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Blood samples collected (after obtaining necessary consents) from each child were used to detect JEV infection. Children in selected villages were followed as a cohort consecutively during JE and post JE seasons from 2011 to 2013. This study was designed based on similar earlier studies already conducted and samples were tested with hemagglutination inhibition (HI) test as previously described[7],[8],[9]. The matched pair test was conducted among children who provided blood samples in both the seasons.

Ethical statement

The study was approved by the 10th Institutional Ethical Committee meeting of CRME, Madurai held on 1 February 2011 (S. No. 3). Written consents of the parents and the respective school teachers were obtained before blood collection and the children were prospectively followed-up.

Vector studies

A longitudinal study of vector abundance was conducted from 2011–14 in three villages of Thanjavur district, namely Muthur, Keezhapattu and Kovilur. During the vector surveillance, two collectors moved freely throughout the village to collect both blood engorged and unfed adult female culicines resting on bushes and thatched roofs of cattle sheds and human dwellings. There were no fixed sites for mosquito collections. Mosquitoes were collected for 1 h after dusk by aspiration and flashlight, transported to the field laboratory, anesthetized with ether, identified to species level and sorted on ice into pools of maximum 50 specimens each for screening. Unfed mosquitoes were pooled, whereas engorged females were held for 48 h for digestion of blood meals before pooling. A key prepared by Reuben et al[10] was used for identification of members of the Cx. vishnui subgroup. Voucher specimens were deposited in the CRME, Madurai museum and the mosquito pools were screened for the virus infection[11],[12],[13],[14].

Statistical analysis

The matched pair test (matched odds ratio and 95% confidence interval) was used to find out association between seasons of same years (JE season–October and post-JE season–February) and between years in the JE seropositivity in the school children. MacNemar test was used to find out the variation in JE seropositivity between the seasons. The analysis was done by EpiInfo software ver. 7.0 (CDC, Atlanta).


  Results Top


Variations in seropositivity

The age stratified sero-surveillance undertaken from 2011–13 among the children from seven different rural schools showed the in-apparent JE infection prevailing in the study area with infection rate ranging from 28.25–66.09%. A wide variation was observed in the infection rate among the subjects from different villages between JE and post-JE seasons. The JE seropositivity was significantly (p <0.05) higher in female than male during post-JE season (February 2012) (OR=1.65, 95% CI = 0.97–2.79). During other seasons (October 2011, 2012 and 2013 and February 2013) male and female positivity did not differ significantly (p >0.05). In 2012, seropositivity was significantly higher (p <0.001) in the JE season (October) than post-JE season (February) (OR = 5.15, 95% CI = 3.39–7.84). In 2013, positivity increased in post-JE season with respect to JE season of 2012 (OR = 1.138, 95% CI = 0.79–1.62), but it was not significant (p >0.05). In JE season of 2013, positivity decreased (but not significantly (p > 0.05) from post-JE season (OR = 0.853, 95% CI = 0.60–1.21). There was sudden increase in JE seropositivity during February to October 2012 and it was maintained thereafter. The seropositivity increased significantly (p <0.001) in JE season (October) during 2013 and 2012 in comparison to 2011. The seropositivity also increased significantly (p < 0.001) in the post-JE season of 2013 when compared to post-JE season in 2012.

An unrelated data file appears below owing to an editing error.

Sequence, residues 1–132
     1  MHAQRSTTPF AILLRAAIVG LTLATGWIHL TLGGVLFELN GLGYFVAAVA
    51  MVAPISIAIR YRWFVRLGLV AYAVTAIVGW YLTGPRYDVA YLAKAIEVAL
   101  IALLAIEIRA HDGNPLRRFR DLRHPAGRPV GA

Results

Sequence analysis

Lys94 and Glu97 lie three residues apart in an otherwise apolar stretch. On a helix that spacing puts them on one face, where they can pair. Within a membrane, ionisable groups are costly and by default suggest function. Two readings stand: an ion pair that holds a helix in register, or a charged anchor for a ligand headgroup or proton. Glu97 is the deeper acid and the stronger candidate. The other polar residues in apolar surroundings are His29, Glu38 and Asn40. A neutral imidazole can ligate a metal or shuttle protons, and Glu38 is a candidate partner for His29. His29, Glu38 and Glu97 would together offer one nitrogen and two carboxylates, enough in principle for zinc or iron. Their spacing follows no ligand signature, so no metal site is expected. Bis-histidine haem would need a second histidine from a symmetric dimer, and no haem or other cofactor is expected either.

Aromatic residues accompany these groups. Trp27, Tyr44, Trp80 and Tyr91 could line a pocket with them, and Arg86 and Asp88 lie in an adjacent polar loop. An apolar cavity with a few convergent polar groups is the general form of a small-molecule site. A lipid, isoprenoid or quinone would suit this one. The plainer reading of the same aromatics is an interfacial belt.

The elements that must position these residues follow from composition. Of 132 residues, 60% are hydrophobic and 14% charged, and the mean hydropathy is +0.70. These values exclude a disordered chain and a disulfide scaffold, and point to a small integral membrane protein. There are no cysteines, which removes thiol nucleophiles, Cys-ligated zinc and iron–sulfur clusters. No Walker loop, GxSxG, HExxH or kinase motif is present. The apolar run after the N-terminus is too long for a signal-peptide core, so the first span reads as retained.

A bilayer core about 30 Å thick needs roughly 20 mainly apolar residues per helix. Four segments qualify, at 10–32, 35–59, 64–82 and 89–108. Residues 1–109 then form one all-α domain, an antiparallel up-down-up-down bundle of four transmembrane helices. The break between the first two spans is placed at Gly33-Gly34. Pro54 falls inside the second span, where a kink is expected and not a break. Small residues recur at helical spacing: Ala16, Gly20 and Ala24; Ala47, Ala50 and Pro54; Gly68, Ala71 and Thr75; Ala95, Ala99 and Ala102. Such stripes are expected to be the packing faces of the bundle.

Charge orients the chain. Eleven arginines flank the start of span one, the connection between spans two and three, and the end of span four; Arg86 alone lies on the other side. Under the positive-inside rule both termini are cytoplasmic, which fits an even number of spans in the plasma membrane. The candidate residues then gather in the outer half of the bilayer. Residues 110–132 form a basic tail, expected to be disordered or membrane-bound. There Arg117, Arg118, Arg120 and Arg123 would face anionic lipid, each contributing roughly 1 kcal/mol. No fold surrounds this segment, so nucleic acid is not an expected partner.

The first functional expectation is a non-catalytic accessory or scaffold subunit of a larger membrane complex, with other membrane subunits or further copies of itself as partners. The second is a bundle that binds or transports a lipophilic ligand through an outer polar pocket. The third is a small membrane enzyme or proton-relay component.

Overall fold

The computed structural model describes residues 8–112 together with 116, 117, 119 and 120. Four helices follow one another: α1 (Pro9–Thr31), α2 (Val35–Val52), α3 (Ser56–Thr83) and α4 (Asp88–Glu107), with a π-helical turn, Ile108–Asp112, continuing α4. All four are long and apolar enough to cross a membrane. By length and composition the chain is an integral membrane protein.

Vector infection

A total of 7109 mosquitoes belonging to 14 species from six genera were collected. Among 14 species collected, Cx. tritaeniorhynchus dominated with per man hour density (PMHD) 176.79, constituting 89.53% of the total collection, followed by Cx. gelidus with PMHD 7.05 contributing 3.57%, while other culicines constituted 2.34%. Screening of mosquito samples from Thanjavur district showed one pool of Cx. tritaeniorhynchus positive, out of 25 pools and 1250 mosquitoes tested during December 2011; and one pool of Cx. tritaeniorhynchus positive, out of 51 pools and 2520 mosquitoes tested during July 2012.